8. Hormone therapy with tamoxifen reduces plasma levels of NT-B-type natriuretic peptide but does not change ventricular ejection fraction after chemotherapy in women with breast cancer.

    PubMed

    Silva, F B; Romero, W G; Carvalho, A L R; Borgo, M V; Amorim, M H C; Gouvea, S A; Abreu, G R

    2015-02-01

    The objective of this study was to evaluate the effect of tamoxifen on the plasma concentration of NT-pro-B-type natriuretic peptide (NT-proBNP) in women undergoing chemotherapy for breast cancer and to correlate changes in NT-proBNP with the left ventricular ejection fraction (LVEF). Over a period of 12 months, we followed 60 women with a diagnosis of breast cancer. The patients were separated into a group that received only chemotherapy (n=23), a group that received chemotherapy + tamoxifen (n=21), and a group that received only tamoxifen (n=16). Plasma levels of NT-proBNP were assessed at 0 (T0), 6 (T6), and 12 (T12) months of treatment, and echocardiography data were assessed at T0 and T12. Plasma NT-proBNP levels were increased in the chemotherapy-only group at T6 and T12, whereas elevated NT-proBNP levels were only found at T6 in the chemotherapy + tamoxifen group. At T12, the chemotherapy + tamoxifen group exhibited a significant reduction in the peptide to levels similar to the group that received tamoxifen alone. The chemotherapy-only group exhibited a significant decrease in LVEF at T12, whereas the chemotherapy + tamoxifen and tamoxifen-only groups maintained levels similar to those at the beginning of treatment. Treatment with tamoxifen for 6 months after chemotherapy significantly reduced the plasma levels of NT-proBNP and did not change LVEF in women with breast cancer.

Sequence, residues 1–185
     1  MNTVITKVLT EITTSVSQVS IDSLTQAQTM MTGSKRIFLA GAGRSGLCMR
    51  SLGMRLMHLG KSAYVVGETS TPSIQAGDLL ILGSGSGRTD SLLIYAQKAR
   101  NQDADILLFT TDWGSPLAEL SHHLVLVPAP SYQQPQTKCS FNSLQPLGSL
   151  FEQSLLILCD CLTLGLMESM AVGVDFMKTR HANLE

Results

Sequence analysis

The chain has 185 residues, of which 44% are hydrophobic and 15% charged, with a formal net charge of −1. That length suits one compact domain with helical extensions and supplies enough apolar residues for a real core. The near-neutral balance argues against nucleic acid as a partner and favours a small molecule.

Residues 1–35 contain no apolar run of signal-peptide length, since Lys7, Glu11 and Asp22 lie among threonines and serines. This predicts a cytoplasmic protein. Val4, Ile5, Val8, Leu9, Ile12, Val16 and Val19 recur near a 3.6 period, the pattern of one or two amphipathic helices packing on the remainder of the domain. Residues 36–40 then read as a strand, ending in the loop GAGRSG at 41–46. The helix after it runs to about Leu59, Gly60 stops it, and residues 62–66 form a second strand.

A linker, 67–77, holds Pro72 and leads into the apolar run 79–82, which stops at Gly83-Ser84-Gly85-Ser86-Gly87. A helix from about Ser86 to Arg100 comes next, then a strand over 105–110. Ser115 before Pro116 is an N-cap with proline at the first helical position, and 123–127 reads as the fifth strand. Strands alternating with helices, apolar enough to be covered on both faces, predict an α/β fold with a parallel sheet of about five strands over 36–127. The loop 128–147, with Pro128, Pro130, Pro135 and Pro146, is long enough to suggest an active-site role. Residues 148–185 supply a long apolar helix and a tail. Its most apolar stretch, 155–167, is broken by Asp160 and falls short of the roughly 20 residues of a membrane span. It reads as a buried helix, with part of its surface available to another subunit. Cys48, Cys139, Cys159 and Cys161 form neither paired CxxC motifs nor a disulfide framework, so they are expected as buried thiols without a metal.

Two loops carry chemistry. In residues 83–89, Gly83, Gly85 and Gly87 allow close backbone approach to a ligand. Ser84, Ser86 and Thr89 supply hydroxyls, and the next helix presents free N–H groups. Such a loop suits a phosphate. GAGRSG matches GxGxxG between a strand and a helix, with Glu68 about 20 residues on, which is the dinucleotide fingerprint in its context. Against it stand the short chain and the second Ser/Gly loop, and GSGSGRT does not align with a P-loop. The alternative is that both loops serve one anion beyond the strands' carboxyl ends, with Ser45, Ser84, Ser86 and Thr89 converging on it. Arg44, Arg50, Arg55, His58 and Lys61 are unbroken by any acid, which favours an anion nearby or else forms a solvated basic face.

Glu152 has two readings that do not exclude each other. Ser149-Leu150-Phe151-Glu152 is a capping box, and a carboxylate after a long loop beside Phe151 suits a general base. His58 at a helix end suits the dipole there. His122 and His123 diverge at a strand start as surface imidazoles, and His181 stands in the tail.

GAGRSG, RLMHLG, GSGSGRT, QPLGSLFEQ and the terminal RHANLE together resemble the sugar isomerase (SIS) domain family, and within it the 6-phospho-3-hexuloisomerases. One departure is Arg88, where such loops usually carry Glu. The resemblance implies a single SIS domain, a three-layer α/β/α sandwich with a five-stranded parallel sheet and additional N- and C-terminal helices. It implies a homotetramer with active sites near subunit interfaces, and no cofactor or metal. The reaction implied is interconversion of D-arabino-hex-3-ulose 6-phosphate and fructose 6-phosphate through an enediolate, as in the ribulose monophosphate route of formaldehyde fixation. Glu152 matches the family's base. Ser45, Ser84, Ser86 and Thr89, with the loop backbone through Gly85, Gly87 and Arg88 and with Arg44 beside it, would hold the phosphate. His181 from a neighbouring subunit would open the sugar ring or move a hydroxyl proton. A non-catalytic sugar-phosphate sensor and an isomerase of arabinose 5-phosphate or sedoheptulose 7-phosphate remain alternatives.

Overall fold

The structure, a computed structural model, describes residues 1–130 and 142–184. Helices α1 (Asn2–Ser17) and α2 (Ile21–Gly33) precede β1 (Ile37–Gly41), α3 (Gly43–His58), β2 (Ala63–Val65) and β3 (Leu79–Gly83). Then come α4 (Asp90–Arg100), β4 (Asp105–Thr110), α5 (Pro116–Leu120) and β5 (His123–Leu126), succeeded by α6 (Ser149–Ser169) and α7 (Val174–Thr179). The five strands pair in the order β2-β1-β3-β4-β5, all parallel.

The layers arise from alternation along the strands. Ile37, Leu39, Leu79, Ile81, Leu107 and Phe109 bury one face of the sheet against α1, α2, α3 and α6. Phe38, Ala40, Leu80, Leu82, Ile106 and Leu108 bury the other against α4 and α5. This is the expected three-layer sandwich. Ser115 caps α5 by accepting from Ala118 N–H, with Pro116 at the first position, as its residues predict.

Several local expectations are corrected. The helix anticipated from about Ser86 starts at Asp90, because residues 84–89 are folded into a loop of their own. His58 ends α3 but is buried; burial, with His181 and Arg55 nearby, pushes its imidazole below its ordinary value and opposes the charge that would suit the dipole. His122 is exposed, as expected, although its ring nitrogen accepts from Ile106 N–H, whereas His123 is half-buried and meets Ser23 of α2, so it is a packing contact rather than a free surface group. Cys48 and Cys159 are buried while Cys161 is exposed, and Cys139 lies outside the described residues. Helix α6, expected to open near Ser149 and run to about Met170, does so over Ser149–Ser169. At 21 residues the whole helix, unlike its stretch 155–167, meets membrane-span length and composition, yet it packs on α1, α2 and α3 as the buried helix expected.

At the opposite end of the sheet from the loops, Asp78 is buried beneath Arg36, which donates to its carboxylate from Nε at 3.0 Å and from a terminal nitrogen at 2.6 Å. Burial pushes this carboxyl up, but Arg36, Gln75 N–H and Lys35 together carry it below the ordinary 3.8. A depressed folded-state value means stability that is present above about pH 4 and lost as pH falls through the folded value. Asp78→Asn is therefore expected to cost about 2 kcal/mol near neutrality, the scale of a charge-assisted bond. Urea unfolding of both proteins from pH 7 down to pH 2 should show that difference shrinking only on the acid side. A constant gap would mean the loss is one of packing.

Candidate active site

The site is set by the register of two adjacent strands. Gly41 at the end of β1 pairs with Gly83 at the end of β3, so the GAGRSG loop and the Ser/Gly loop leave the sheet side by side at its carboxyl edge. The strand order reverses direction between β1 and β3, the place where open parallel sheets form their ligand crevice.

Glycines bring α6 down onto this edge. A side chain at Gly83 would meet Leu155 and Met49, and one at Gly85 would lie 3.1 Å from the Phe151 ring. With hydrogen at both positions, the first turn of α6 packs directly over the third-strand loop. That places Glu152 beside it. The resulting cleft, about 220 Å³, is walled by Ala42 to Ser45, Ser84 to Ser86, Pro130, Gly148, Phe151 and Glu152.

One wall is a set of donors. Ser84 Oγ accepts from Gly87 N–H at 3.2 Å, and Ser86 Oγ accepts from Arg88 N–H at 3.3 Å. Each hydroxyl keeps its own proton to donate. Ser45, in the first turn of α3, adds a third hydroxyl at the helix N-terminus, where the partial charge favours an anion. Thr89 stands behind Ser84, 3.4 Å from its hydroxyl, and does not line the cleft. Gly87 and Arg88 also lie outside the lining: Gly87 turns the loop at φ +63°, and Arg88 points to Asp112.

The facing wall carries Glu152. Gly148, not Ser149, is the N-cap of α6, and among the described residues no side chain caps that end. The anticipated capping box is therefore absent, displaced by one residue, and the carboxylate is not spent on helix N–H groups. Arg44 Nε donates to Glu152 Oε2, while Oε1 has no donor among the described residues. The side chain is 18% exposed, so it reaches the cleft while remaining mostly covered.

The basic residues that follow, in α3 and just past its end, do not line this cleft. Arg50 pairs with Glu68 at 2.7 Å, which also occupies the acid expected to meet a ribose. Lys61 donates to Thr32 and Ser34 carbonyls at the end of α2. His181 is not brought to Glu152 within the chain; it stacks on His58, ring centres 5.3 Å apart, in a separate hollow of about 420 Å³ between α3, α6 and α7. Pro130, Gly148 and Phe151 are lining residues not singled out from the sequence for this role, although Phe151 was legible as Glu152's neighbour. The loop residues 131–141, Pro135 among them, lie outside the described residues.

9. Changes in cardiopulmonary reserve and peripheral arterial function concomitantly with subclinical inflammation and oxidative stress in patients with heart failure with preserved ejection fraction.

    PubMed

    Vitiello, Damien; Harel, François; Touyz, Rhian M; Sirois, Martin G; Lavoie, Joel; Myers, Jonathan; Ducharme, Anique; Racine, Normand; O'Meara, Eileen; Gayda, Mathieu; Chabot-Blanchet, Malorie; Rouleau, Jean Lucien; de Denus, Simon; White, Michel

    2014-01-01

    Background. Changes in cardiopulmonary reserve and biomarkers related to wall stress, inflammation, and oxidative stress concomitantly with the evaluation of peripheral arterial blood flow have not been investigated in patients with heart failure with preserved ejection fraction (HFpEF) compared with healthy subjects (CTL). Methods and Results. Eighteen HFpEF patients and 14 CTL were recruited. Plasma levels of inflammatory and oxidative stress biomarkers were measured at rest. Brain natriuretic peptide (BNP) was measured at rest and peak exercise. Cardiopulmonary reserve was assessed using an exercise protocol with gas exchange analyses. Peripheral arterial blood flow was determined by strain gauge plethysmography. Peak VO2 (12.0 ± 0.4 versus 19.1 ± 1.1 mL/min/kg, P < 0.001) and oxygen uptake efficiency slope (1.55 ± 0.12 versus 2.06 ± 0.14, P < 0.05) were significantly decreased in HFpEF patients compared with CTL. BNP at rest and following stress, C-reactive-protein, interleukin-6, and TBARS were significantly elevated in HFpEF. Both basal and posthyperemic arterial blood flow were not significantly different between the HFpEF patients and CTL. Conclusions. HFpEF exhibits a severe reduction in cardiopulmonary reserve and oxygen uptake efficiency concomitantly with an elevation in a broad spectrum of biomarkers confirming an inflammatory and prooxidative status in patients with HFpEF. PMID:24719767